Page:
Tuscaloosa Mayor Walt Maddox said in a Zoom conference call Thursday morning that he is not ready yet to re-institute a curfew or other executive action to slow the spread of the COVID-19 coronavirus in the area.

Cases in Tuscaloosa County have spiked in the last two weeks, and hospitalizations in the DCH hospital system are also rising dramatically, leading many to wonder if Maddox will issue another executive order to limit freedom of movement or the size of public gatherings.

In a joint call with the Chamber of Commerce of West Alabama and Paul Betz, the CEO of the DCH Health System, Maddox said the recent spike in confirmed COVID-19 cases is alarming but said he is not yet ready to use the power of his office to restrict the people of Tuscaloosa.

Maddox said the city is listening to Betz and other professionals at DCH, and if they advise him such measures are necessary, he will then decide what course of action will be best for the city.

Maddox said DCH is approaching its patient capacity, and for the sake of Tuscaloosa and its surrounding counties, people must be more vigilant than ever so that the institutional spread of the virus through nursing homes, the county jail and other hotspots is not matched with a community spread that, when combined, will overload the health system.

"This comes down to not what President Trump does or what Governor Ivey does or what Walt Maddox does, this comes down to what we do as individuals over the next few days and few weeks ahead of us," Maddox said. "Do we wear our masks out in public? Do we practice social distancing? Do we discourage events or gatherings whether these social distancing guidelines are not being done? We hold in our hands the ability to protect ourselves, to protect our families, to protect our neighbors and to save jobs."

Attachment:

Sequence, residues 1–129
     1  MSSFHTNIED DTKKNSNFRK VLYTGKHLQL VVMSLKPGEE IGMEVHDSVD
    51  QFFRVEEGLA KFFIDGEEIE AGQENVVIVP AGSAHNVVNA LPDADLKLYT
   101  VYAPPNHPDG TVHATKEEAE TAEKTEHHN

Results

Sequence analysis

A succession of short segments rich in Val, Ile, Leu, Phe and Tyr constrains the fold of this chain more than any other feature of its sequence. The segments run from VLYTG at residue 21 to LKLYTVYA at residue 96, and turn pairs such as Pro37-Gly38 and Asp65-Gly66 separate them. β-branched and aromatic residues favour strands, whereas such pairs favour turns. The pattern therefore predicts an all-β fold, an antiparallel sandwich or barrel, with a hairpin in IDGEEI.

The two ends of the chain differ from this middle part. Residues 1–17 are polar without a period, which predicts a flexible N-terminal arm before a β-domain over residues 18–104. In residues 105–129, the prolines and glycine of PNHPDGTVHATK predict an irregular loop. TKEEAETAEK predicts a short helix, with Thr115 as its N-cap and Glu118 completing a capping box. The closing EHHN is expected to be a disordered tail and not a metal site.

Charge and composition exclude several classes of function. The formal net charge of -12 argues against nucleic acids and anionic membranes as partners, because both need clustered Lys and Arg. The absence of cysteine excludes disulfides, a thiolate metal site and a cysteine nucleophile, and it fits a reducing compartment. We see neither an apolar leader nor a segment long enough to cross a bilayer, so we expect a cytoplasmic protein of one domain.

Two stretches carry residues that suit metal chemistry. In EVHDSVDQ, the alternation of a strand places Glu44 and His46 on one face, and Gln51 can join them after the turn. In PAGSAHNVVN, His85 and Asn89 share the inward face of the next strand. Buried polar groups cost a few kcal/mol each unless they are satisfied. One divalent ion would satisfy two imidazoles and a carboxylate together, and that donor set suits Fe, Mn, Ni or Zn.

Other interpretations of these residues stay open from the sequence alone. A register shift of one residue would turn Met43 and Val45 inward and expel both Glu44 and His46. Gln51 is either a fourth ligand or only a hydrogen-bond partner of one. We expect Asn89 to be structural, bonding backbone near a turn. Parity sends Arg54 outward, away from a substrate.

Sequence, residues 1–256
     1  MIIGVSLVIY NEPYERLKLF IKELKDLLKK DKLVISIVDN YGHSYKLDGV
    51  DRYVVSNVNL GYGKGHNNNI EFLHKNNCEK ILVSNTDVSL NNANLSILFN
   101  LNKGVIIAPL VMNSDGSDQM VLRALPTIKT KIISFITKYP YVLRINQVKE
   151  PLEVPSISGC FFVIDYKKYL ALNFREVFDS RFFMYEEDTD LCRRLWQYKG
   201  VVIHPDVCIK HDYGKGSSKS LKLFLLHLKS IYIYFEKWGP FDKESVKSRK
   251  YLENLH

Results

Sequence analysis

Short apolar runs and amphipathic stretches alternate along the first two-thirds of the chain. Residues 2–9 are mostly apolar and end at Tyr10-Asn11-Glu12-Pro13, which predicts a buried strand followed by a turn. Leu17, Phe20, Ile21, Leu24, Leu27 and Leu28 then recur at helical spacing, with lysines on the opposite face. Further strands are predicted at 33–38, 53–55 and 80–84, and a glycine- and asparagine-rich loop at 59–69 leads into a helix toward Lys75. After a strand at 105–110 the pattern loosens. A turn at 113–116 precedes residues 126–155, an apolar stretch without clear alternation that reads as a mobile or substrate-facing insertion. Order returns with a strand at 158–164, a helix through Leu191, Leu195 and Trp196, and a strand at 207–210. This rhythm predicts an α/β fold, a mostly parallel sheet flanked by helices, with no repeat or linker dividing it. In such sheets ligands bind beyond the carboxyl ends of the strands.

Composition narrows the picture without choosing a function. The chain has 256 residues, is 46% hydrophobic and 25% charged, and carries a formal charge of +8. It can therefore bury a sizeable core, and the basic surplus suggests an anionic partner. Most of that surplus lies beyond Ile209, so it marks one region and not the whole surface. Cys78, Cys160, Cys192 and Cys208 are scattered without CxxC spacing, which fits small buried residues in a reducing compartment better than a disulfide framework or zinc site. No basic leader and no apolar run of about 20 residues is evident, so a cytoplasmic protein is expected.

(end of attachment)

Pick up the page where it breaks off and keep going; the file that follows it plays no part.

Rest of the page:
He pleaded directly to the citizens of Tuscaloosa to take personal responsibility to slow the spread of the virus so that more executive action is not necessary.

"The city needs your help. All the executive orders in the world can’t compel people ultimately to do the right things, and if there’s ever been a moment to do the right things, that moment is right now -- and it doesn’t take a lot of time or effort to do it," Maddox said. "I know you want your lives back, I know want those promises of tomorrow, I know this is a struggle and I know at times there doesn’t seem like there’s a lot of hope, but we control so much of our destiny with this and I ask as a citizen, I ask as someone who works for you every day, please, let’s do these smart things to protect DCH, we protect Tuscaloosa and we regain our lives sooner rather than later."

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